Understand your risks for preterm birth and do what’s possible to prevent a baby born too early
Breast cancer scares most women because 1 in 8 women are affected by breast cancer in their lifetime. But did you know that 1 in 8 babies in this country are born prematurely—that is before they’ve completed 37 gestational weeks? If you’re considering getting pregnant or are pregnant now, understanding your risks for preterm birth are important.
It’s a silent epidemic in this country. If you lived in Ireland or Finland your chances of having a preterm birth would be 1 in 18! Of course this doesn’t mean that 1 in 8 women will have a premature baby. The biggest risk factor for having a premature baby is having already had a premature baby.
The effects of prematurity on babies
In the U.S., we try to save event the youngest and smallest of babies yet we rank 30th worldwide in the number of infant deaths per 1,000 live births in this country. Since 1984, healthcare experts have observed an increasing number of babies being born prematurely in the U.S. – the total number of premature births is up 36% since 1984.
Analysis of data from the U.S. and Europe indicates that we care for our preterm infants very well, in most cases with better survival rates for prematurity than in Europe. However, because we have so many more preterm babies born here, and because those babies are more likely than babies carried to term to die in infancy, our country’s infant mortality rate remains high.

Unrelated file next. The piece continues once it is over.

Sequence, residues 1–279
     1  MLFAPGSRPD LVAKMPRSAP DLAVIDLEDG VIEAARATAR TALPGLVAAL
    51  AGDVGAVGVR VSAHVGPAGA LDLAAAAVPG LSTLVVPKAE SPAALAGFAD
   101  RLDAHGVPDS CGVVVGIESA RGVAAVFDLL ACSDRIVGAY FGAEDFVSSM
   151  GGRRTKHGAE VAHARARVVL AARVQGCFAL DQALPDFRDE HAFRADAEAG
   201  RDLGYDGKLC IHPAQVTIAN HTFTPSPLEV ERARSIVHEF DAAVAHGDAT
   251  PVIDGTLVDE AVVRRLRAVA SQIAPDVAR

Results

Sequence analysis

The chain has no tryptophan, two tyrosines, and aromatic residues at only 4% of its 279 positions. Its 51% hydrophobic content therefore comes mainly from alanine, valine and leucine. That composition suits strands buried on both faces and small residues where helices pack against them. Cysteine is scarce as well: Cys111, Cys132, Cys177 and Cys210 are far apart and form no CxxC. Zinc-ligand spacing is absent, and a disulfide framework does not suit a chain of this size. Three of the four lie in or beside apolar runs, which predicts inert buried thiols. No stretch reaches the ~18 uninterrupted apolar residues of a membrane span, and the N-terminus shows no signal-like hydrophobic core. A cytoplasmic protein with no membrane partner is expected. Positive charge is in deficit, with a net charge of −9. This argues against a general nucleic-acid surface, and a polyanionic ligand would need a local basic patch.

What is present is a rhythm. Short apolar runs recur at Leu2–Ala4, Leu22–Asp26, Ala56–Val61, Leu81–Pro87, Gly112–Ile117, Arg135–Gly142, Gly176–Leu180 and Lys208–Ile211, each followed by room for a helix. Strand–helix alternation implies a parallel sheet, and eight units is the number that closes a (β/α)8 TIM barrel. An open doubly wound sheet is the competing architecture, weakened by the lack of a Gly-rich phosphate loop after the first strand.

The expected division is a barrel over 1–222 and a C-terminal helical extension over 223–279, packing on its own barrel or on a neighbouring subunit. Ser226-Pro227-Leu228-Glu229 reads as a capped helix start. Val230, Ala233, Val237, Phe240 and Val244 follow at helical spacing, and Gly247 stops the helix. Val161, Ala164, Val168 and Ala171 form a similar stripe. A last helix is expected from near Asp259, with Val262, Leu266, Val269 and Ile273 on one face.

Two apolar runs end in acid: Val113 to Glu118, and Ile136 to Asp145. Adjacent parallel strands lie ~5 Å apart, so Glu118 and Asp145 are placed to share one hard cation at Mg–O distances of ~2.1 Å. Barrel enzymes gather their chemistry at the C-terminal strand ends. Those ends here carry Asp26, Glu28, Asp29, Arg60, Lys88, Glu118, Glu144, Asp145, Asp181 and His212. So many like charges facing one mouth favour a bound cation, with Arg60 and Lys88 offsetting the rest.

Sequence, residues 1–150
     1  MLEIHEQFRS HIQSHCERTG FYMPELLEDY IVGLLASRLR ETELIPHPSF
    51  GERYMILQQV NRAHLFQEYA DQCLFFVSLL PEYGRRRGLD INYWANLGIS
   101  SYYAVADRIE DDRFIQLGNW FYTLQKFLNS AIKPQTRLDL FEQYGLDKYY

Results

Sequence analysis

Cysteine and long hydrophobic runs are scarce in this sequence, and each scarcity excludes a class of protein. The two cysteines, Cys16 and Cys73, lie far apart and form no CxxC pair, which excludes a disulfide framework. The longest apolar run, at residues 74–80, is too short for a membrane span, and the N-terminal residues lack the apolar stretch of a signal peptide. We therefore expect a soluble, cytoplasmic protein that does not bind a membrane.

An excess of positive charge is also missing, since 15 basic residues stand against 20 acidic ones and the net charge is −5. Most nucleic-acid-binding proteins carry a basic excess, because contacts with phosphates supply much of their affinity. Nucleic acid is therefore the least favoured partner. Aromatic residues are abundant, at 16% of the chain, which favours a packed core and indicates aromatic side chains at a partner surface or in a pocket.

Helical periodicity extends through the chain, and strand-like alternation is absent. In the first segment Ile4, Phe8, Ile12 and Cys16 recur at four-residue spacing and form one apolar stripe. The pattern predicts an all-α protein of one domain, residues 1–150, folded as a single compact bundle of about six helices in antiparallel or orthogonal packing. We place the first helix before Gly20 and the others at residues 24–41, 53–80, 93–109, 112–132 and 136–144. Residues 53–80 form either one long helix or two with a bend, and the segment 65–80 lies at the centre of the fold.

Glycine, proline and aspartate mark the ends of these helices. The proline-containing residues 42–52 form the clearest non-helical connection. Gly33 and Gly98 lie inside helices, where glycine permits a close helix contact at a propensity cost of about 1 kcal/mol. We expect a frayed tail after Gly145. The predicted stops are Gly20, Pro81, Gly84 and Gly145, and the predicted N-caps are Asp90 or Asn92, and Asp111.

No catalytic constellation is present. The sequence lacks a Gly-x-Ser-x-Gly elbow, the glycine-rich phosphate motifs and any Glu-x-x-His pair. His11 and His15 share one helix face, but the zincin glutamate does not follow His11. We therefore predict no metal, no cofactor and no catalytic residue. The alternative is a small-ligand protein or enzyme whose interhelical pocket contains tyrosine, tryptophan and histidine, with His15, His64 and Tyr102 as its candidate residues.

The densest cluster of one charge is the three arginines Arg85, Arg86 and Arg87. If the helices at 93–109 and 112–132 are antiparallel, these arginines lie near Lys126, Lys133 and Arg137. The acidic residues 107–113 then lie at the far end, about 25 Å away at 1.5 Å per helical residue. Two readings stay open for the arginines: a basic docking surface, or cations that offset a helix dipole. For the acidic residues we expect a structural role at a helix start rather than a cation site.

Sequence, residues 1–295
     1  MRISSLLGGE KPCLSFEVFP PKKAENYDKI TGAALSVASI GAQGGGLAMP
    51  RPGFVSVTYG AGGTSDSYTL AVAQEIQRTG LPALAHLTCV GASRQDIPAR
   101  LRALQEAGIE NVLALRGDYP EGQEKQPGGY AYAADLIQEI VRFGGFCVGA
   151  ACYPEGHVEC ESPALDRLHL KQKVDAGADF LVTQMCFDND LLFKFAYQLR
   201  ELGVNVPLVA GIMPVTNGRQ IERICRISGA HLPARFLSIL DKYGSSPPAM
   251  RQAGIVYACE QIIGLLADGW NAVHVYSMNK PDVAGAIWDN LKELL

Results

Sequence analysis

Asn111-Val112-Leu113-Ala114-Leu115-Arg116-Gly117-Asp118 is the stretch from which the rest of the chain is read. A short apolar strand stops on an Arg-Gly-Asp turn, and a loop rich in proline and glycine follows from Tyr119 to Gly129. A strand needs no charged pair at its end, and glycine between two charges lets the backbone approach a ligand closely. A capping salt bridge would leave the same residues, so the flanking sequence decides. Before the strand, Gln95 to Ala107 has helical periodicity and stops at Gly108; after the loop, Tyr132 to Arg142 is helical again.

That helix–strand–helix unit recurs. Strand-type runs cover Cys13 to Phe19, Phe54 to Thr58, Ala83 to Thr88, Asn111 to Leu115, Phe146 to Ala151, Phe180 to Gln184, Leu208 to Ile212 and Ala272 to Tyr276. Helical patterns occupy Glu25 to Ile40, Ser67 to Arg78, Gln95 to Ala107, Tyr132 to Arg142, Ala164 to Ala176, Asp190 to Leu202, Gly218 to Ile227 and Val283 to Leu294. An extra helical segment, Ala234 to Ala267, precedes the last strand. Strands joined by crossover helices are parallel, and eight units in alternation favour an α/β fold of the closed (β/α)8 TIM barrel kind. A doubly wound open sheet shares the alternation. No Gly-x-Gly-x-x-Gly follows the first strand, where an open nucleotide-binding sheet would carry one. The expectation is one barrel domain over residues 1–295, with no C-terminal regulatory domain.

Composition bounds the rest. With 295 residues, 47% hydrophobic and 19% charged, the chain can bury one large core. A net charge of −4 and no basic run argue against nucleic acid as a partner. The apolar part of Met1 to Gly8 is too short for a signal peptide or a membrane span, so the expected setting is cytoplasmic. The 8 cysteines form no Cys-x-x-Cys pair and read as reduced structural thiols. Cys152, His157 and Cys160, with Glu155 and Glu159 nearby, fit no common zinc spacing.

Prematurity: An unknown cause
No one knows what causes prematurity. In addition to having already had a preterm baby, you and your baby may be at risk for experiencing preterm labor and preterm birth if you have a multiple gestation pregnancy, if you are African American, if you don’t get regular prenatal care during pregnancy, or if you are taking certain medications.
Working with your healthcare provider will not only give you the greatest chance of having the healthiest pregnancy possible, it can reduce your risks for preterm birth. And there are many things you can do to improve your chances of having a healthy baby born after 37 weeks of gestation, including:
- plan your pregnancy
- get your body ready for pregnancy by achieving a healthy weight, measured by your body mass index
- discuss what medicines you’re taking now with your healthcare provider, including medications without a prescription, to be sure they’re safe for pregnancy
- take a multivitamin everyday that includes folic acid to prevent the most common birth defects. Folic acid needs to be taken before conception for maximum impact
- stop smoking and drinking
- get any boosters or immunizations you may need
- wait at least 18 months after the birth of one baby before conceiving another; give your body enough time to cover from labor, birth and breastfeeding before nurturing another baby through pregnancy
Like most things in life, the more you know about how to manage your risks that may arise in pregnancy, the healthier you and your baby will be.
About the Author: Michele Savin MSN, NNP-BC, is a neonatal nurse practitioner at Christiana Care Health Services in Wilmington, Delaware. She is also an expert advisor to Health4Mom.org and Healthy Mom & Baby magazine.